There’s something that changes in us when we travel for extended periods of time. It’s different when you’re taking a quick trip with a friend and seeing new sights and eating weird food and walking through strange cities. You see new things and I guess you also experience something different but it doesn’t necessarily affect you. It doesn’t cause for a switch to flip on the inside. It’s just a trip. It’s a holiday. And you can take it again whenever you want.

What’s different is immersing yourself in that world. In a different culture and language and way of life. Everything you’re used to falls away and everything you’ve learnt for survival disappears because it’s all so vastly different where you’ve travelled to.

“After weeks on the road, listening to a language you don’t understand, using a currency whose value you don’t comprehend, walking down streets you’ve never walked down before, you discover that your old “I,” along with everything you ever learned, is absolutely no use at all in the face of those new challenges, and you begin to realise that buried deep in your unconscious mind there is someone much more interesting and adventurous and more open to the world and to new experiences.”

I cannot explain how this changes you. How it changes your view of life and your priorities and your appreciation for things.

When we stay in one place I like to imagine we fall asleep a little. When we’re asleep, we dream and we relax but at some point we wake up and realise that we’ve been dreaming. And what we’ve been dreaming is just that – dreams. But when we get up and go out and live, we wake up and the things we discover and experience wake up parts of us that have been asleep for a really long time.

This is why I’m choosing to travel

I need adventure

I know this now. It took me a while to get to know the part of myself with the inability to stay in one scenario for too long.

Though I love Cape Town and am mesmerised by the mountains I drive into view of every morning, this just is not enough. There are many more mountains to see. And climb. And I mean that both literally and figuratively.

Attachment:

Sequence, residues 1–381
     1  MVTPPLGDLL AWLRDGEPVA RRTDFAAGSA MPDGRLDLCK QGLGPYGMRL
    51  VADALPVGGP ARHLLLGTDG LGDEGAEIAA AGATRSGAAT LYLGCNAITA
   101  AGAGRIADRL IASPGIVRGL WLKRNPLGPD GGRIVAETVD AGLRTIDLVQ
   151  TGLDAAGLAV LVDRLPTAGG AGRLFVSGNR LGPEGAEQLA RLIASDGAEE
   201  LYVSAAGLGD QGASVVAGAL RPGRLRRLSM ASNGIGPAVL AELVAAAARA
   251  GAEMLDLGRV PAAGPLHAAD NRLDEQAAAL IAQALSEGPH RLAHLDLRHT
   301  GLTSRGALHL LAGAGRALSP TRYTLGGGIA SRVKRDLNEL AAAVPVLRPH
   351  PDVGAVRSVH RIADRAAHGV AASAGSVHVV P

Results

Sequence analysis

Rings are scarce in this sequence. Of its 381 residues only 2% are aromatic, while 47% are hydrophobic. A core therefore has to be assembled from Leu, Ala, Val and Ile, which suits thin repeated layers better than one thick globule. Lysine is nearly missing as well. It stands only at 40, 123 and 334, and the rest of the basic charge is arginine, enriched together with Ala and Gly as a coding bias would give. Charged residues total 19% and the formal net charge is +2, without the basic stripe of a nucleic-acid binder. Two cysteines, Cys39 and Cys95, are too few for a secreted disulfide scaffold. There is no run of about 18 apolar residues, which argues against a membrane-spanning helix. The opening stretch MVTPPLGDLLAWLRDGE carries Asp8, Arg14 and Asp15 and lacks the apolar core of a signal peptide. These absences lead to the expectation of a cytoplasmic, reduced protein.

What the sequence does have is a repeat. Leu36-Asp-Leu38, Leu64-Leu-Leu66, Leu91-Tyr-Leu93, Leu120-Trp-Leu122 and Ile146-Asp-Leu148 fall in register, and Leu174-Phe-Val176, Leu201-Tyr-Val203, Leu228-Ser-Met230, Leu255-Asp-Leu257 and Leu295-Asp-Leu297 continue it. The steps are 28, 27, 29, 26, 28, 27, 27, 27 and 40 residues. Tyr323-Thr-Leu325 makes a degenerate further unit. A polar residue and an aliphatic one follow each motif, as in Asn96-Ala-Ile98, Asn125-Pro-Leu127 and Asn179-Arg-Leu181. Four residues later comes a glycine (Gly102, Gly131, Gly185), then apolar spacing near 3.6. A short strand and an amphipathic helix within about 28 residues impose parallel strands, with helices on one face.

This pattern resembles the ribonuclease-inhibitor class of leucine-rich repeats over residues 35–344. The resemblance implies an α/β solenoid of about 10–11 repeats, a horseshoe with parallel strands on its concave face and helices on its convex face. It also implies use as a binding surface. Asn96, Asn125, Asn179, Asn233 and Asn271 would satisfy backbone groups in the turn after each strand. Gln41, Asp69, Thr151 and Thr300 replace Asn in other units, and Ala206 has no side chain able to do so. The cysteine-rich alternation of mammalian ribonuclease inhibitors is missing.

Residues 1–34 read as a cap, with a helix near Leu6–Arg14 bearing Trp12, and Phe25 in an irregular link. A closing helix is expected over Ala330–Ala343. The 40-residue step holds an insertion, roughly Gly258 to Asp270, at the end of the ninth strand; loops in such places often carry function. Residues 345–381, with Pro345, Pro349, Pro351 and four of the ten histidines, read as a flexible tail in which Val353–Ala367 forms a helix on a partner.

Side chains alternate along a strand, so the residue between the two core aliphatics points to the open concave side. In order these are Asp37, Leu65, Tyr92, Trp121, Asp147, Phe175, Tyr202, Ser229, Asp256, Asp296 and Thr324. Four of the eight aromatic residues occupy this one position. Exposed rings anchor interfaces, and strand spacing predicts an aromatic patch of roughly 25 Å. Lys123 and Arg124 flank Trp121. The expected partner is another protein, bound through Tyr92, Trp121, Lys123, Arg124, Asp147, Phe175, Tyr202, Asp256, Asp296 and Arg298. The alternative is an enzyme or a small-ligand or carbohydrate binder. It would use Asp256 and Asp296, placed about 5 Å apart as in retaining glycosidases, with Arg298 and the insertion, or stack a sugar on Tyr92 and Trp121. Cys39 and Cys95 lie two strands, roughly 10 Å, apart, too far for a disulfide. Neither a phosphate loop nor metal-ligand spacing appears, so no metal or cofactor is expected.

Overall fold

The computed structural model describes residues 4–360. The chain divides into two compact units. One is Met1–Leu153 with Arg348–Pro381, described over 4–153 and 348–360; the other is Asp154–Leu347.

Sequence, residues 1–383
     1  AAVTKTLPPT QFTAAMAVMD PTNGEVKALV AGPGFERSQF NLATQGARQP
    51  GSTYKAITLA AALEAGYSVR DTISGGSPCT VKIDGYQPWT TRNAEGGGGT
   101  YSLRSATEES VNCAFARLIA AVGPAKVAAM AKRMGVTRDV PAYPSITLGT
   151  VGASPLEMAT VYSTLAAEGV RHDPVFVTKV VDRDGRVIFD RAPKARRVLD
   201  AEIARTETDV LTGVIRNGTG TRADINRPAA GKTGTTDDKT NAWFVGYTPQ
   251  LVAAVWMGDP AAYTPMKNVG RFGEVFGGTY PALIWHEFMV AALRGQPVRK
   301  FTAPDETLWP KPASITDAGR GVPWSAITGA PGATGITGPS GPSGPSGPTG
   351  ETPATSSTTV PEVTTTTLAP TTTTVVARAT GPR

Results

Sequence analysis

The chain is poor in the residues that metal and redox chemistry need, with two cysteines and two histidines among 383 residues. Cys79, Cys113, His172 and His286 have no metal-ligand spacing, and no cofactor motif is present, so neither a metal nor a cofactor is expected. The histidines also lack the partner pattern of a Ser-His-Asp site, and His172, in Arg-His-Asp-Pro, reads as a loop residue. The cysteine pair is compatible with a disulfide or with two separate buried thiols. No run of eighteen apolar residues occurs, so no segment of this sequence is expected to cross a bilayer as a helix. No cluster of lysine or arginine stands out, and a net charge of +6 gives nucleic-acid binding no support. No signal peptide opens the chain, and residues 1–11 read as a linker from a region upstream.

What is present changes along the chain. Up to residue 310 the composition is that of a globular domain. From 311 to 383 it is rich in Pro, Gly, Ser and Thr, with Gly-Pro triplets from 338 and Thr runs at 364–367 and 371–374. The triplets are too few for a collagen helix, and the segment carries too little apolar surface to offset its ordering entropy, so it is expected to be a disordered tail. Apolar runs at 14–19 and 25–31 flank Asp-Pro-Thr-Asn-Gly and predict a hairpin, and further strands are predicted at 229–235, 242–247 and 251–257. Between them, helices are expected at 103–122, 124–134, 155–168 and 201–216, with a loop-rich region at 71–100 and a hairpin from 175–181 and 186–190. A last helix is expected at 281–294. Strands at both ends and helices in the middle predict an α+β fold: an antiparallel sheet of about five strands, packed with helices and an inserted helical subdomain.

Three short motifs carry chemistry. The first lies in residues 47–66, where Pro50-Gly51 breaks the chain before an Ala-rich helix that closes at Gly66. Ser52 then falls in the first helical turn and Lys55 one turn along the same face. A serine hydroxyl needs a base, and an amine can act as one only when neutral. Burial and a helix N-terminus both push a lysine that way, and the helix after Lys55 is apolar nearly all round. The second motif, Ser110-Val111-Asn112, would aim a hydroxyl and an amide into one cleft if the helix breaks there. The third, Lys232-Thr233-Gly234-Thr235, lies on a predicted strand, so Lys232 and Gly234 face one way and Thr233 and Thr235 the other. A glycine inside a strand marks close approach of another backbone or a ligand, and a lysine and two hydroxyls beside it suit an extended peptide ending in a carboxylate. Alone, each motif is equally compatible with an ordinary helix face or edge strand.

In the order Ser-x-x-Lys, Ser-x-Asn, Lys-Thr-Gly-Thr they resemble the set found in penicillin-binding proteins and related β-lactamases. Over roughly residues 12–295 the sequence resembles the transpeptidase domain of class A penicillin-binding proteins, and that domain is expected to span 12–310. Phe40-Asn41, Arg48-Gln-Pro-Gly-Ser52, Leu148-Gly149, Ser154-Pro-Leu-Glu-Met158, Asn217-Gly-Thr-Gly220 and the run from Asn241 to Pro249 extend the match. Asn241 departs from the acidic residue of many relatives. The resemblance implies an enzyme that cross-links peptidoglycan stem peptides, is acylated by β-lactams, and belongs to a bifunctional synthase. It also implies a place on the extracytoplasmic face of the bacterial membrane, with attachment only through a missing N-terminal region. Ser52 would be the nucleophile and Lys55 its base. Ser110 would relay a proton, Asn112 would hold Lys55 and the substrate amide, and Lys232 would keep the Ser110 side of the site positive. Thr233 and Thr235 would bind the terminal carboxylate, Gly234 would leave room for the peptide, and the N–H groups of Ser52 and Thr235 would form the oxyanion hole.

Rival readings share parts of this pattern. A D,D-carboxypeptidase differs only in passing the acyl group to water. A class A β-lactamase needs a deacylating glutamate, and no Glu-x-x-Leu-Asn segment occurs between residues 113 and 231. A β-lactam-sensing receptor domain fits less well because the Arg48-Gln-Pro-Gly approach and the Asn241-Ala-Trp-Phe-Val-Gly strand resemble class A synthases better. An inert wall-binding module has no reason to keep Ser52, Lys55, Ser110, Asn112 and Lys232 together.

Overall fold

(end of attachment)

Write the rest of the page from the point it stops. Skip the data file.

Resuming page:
We’re only young until we’re old.

I have people to meet and languages to learn and lives to change. I am not quite done.

I need to not be ordinary

I still pray for help at times when the world doesn’t seem to be enough. Maybe I get too philosophical and fail to wrap my head around the idea that life is this:

eternal emptiness

Which makes the idea of settling in one place right now… for the rest of my life… having children and working so I can raise them, and then going through the same routines for the rest of ever, kind of seriously depressing to me.

The idea of exploring at least the speck of the universe I’m forced to live a life on – that makes my existential crisis a bit easier to deal with.

I imagine most people yearn for a sense of freedom within a world in which time just constantly ticks us closer to death, after which we’re still unsure what happens. Maybe we just dissolve into eternal emptiness. Maybe we get to live a similar life in a different realm. Maybe we’re sent to another universe where we get to try all over again.

But with this one little life given to me, I can’t imagine not living it with an eagerness stronger than the rays of the sun. I am not the girl who could ever stand for being the moon that doesn’t have its own light. There have been times in my life when I have been the moon. I’ve reflected the light of others and now it’s my turn to go out and be the sun.

So I’m taking the plunge.

I’m following the White Rabbit.